Netbooks have taken the portable computing world by storm. Simply put, a netbook is a trimmed down version of a laptop computer, ideal for browsing the internet, e-mailing and watching low quality movies, but not much else.
You will find that the internal specifications of netbooks hardly vary; however, the level of performance and price does change a fair bit.
The biggest thing to remember is a netbook is not a laptop. If you need a fully featured laptop, you should not buy a netbook.
Netbooks are only designed to fit limited tasks, and if you try to push them beyond their capabilities you will be disappointed.
Many consumers are still trying to get their heads around netbooks, which have only really been on the open market for about two years. The questions one might ask: what is the point of getting a netbook? Should I get a netbook or a traditional laptop? What are the best netbooks on the market? What are the pros and cons of getting a netbook?
To help you learn a bit about the emerging netbook market, let’s take a look at some of the top current models and see what they have to offer.
This upcoming model from Samsung is said to be the most beautiful netbook ever created. Featuring Apple Mac-style elements, from the curved and raised keyboard to the stylised rubber cover, this really is a stunning computer.
Under the hood is an Intel Atom N270 processor, a 10.1-inch screen, 802.11g wireless, three USB ports and an SD card reader.
For the most part this is pretty standard componentry, but with the neat wrapping it could be a winner.
There is a potential drawback with battery life, which has been rumoured to be sub par.
Dell Inspiron Mini 10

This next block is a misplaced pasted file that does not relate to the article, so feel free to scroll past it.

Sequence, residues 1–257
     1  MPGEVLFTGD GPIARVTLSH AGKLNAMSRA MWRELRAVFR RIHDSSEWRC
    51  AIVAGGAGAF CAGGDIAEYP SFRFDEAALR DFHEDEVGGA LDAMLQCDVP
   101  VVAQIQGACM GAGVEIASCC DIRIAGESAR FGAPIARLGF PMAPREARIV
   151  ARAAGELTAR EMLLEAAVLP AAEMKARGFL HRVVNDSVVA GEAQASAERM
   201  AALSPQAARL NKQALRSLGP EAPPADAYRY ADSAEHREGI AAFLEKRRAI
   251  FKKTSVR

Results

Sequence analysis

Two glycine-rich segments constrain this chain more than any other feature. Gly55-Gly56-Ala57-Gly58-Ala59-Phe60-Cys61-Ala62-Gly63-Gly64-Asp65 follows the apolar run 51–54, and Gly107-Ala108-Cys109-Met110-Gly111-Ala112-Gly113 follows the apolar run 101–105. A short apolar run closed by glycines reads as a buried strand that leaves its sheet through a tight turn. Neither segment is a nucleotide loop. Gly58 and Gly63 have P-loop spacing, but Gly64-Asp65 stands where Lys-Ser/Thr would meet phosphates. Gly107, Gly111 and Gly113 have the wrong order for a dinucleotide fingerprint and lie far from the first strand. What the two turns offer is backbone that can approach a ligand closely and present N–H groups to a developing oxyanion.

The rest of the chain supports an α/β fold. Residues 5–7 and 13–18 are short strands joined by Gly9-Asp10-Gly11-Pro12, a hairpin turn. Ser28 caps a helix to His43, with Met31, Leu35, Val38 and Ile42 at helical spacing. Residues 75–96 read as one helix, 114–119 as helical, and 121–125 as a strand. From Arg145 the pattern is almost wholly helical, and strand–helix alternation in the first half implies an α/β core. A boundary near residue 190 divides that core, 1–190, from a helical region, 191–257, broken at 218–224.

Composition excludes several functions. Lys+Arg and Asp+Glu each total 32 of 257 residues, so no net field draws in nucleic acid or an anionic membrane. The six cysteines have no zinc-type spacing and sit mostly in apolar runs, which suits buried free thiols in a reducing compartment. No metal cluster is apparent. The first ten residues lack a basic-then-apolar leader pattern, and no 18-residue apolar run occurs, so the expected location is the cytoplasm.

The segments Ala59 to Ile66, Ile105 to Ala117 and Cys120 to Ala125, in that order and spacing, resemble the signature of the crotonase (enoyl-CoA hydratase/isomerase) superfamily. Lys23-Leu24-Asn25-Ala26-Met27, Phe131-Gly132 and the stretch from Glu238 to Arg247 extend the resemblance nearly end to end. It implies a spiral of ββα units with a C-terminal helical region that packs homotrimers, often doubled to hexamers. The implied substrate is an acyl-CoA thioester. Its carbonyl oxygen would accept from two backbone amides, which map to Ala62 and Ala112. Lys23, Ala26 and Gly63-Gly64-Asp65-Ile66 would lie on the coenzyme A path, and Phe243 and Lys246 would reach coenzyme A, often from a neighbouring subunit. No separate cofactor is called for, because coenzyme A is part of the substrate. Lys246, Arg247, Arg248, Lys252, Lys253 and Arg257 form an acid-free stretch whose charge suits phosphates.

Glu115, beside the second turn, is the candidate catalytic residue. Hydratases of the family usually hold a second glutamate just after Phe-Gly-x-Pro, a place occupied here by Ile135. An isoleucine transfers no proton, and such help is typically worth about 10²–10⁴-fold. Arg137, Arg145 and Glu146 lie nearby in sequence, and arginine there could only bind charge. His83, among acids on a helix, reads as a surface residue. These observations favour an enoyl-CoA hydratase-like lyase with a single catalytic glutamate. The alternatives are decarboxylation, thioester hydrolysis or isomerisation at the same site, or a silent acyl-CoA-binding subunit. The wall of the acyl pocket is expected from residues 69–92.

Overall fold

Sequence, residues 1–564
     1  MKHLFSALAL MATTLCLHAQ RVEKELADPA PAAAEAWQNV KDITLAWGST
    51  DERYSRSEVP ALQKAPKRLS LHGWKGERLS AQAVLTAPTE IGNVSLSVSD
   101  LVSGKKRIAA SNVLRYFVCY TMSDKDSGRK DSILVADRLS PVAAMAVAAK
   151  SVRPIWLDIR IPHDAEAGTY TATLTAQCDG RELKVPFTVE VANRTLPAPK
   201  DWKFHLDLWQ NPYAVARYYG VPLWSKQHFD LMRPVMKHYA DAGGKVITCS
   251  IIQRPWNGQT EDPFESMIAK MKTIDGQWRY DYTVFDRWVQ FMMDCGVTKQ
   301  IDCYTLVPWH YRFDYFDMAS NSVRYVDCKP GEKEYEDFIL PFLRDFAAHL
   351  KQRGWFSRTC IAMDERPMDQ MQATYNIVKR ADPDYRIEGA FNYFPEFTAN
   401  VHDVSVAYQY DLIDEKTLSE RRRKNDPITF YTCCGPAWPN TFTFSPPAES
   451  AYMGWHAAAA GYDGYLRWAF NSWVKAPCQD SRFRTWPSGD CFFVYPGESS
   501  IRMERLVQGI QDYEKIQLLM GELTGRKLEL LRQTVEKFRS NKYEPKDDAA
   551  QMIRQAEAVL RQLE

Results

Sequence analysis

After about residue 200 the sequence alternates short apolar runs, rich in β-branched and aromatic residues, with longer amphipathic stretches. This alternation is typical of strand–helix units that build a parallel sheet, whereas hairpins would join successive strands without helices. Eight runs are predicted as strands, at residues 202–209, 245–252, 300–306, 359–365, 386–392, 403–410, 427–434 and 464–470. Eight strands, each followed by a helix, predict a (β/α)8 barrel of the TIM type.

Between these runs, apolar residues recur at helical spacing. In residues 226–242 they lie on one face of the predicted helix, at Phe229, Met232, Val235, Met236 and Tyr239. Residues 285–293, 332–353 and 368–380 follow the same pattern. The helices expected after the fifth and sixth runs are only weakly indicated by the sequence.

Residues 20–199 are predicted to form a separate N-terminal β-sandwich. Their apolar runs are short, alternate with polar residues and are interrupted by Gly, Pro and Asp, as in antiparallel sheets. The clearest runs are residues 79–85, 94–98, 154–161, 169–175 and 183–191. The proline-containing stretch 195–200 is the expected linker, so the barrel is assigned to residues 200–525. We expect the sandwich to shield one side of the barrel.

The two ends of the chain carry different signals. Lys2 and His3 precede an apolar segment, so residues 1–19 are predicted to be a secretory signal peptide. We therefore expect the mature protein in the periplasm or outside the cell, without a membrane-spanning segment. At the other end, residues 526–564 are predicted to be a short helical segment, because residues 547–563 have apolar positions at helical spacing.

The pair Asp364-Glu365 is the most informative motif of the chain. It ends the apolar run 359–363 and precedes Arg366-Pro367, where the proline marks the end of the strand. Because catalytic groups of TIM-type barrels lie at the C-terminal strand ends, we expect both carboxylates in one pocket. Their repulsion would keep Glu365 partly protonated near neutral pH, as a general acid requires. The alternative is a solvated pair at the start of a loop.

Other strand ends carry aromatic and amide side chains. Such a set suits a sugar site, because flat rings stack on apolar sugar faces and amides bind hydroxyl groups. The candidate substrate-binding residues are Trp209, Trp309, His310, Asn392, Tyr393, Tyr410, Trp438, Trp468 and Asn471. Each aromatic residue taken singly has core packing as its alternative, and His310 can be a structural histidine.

Sitting in the middle of the price range for netbooks at $799 is the Mini 10, a reasonable effort from Dell that will hopefully get better with an updated release in the second part of 2009.
This unit features a 10.1-inch screen, a 160GB hard drive, wireless N and comes in a range of colours.
But on the downside it only has 1GB of RAM, does not have WWAN and is currently only available in a three-cell battery option.
It is expected that these three problems will be rectified with the mid-year release, which may be a great time to pick up one of these netbooks.
Sitting close to the top of the heap for value and quality, the Toshiba NB200 can be bought for $949, or you can get a reduced feature version for $799.
The spec is as follows: 160GB hard drive, three USB ports, Ethernet, SD card reader, VGA out, 1.6GHz Intel Atom processor, 1GB RAM, Bluetooth and 802.11g wireless.
As is the netbook standard, a 10.1-inch screen captures your attention, and this one is good quality.
One of the real attractions of this model, however, is its longer than usual battery life. Even at full bore it will last more than 5 hours – a significant improvement on most of its competitors.